Jamie Dimon’s $13 Billion Secret | The Nation


Jamie Dimon’s $13 Billion Secret

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In the end, the abject fear of Ben Wagner got Jamie Dimon to cave.

For much of 2013, Dimon, the chairman and chief executive of the formidable JPMorgan Chase & Company, was telling anyone who would listen that it was unfair and unjust for federal and state prosecutors to blame him and his bank for the manufacture and sale of mortgage-backed securities that occurred at Bear Stearns & Company and at Washington Mutual in the years leading up to the financial crisis. When JPMorgan Chase bought those two failing firms in 2008, Dimon argued, he was just doing what Ben Bernanke, Hank Paulson and Timothy Geithner had asked him to do. Why should his bank be held financially accountable for the bad behavior at Bear and WaMu?

It was a clever argument—and wrong. Dimon’s relentless effort to spin his patriotic story soon collided with the fact that Wagner, the US Attorney for the Eastern District of California, had uncovered evidence that JPMorgan itself was guilty of many of the same greedy and irresponsible behaviors. Piles of subpoenaed documents and e-mails revealed that JPMorgan bankers and traders had underwritten billions of dollars’ worth of questionable mortgage-backed securities that Dimon had been telling everyone had originated at Bear Stearns and WaMu. Worse, the bad behavior had occurred on Dimon’s watch.

The likelihood that the Justice Department would file Wagner’s civil complaint last fall—exposing publicly for the first time the litany of wrongdoing at JPMorgan and threatening to push it off the perch that Dimon had so artfully constructed for it over the years—ultimately brought Dimon to the table. On September 26, just weeks after the Justice Department shared a draft copy of Wagner’s complaint with Dimon, the two sides arranged for a summit meeting between Dimon and Attorney General Eric Holder. By mid-November, the bank had agreed to pay $13 billion in a comprehensive settlement of mortgage-related securities claims with various branches of the federal government and a group of states, led by the attorneys general of New York, California, Illinois, Massachusetts and Delaware.

It was the largest financial settlement of all time, and it kept Wagner’s complaint away from the prying eyes of the public. One thing is clear: Dimon’s claim that his own bankers and traders had done nothing wrong in the years leading up to the financial crisis wasn’t true. “The investigators and the lawyers were uncovering very viable evidence,” explains Associate Attorney General Tony West, who headed up the settlement negotiations on behalf of the Justice Department. “I think there was recognition that we had enough evidence there that would support the complaint and would support a robust lawsuit.”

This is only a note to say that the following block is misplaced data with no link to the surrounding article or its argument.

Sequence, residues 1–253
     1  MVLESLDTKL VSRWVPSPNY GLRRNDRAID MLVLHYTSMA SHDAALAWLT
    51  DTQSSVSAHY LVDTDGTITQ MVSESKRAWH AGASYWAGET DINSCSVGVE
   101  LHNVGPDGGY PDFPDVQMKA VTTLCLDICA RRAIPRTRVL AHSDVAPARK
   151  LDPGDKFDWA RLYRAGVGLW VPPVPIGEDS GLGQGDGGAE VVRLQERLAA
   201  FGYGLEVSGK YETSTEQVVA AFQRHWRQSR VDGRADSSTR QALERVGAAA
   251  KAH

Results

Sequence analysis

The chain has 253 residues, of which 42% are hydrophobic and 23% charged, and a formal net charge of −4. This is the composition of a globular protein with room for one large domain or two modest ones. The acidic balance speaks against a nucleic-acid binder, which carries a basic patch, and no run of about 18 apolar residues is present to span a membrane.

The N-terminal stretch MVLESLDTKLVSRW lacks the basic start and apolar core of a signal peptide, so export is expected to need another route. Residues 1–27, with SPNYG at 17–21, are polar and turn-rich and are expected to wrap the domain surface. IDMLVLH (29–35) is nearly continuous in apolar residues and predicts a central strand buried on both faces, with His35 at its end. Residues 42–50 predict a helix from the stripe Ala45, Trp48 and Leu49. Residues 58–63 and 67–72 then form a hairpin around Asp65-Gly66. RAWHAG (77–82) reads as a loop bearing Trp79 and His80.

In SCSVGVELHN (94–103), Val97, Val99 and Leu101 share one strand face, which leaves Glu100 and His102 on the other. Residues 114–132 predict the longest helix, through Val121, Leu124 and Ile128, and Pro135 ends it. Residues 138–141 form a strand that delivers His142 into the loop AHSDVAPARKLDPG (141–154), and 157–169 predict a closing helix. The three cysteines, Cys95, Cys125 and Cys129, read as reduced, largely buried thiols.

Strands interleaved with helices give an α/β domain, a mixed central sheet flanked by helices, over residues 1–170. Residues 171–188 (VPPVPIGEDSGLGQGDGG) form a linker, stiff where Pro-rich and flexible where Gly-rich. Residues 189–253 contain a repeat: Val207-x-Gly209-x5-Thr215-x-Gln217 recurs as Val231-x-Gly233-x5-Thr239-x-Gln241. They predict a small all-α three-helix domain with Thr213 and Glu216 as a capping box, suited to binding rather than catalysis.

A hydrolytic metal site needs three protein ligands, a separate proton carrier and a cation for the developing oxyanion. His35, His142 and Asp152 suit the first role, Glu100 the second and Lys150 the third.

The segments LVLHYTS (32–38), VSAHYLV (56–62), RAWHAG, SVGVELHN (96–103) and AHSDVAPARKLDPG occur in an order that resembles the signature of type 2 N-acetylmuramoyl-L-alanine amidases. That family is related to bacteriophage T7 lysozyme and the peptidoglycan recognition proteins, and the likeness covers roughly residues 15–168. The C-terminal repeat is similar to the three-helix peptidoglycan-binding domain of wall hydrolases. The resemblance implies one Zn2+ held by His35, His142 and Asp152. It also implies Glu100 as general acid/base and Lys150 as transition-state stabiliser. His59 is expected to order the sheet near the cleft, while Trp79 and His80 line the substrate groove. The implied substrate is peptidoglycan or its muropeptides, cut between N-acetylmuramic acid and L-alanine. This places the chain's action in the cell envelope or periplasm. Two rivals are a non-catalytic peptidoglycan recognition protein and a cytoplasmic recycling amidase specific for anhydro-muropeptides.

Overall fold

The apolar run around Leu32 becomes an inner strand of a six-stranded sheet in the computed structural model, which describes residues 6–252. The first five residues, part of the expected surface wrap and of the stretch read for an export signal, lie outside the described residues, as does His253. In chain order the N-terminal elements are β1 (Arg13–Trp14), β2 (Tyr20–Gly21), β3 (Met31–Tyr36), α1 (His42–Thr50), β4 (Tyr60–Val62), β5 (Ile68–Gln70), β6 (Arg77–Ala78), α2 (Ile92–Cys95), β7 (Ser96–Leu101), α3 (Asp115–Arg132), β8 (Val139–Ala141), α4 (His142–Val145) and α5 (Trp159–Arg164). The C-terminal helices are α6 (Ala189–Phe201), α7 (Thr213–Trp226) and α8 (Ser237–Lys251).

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Although Wagner’s complaint remains unfiled—and, so far, unobtainable—tantalizing hints of what it contains are available in a sanitized “statement of facts” that was a required component of the settlement. Unlike the complaint, the statement of facts doesn’t include names and offers few specifics, but there is no mistaking the wrongdoing. Among the documents Wagner uncovered was one in which an unnamed JPMorgan employee, who had been involved in purchasing pools of mortgages from third parties, warned two senior executives that “due to their poor quality, the loans should not be purchased and should not be securitized.” She expressed her concerns in a letter to a managing director at the bank, who shared it with other managing directors. “JPMorgan nonetheless securitized many of the loans. None of this was disclosed to investors,” Dimon conceded in the settlement agreement. [A disclosure of my own: after JPMorgan Chase fired me as a managing director in January 2004, I brought—and lost—a wrongful-dismissal arbitration against the bank. Separately, I remain in litigation with the bank as the result of a soured investment I made in 1999.]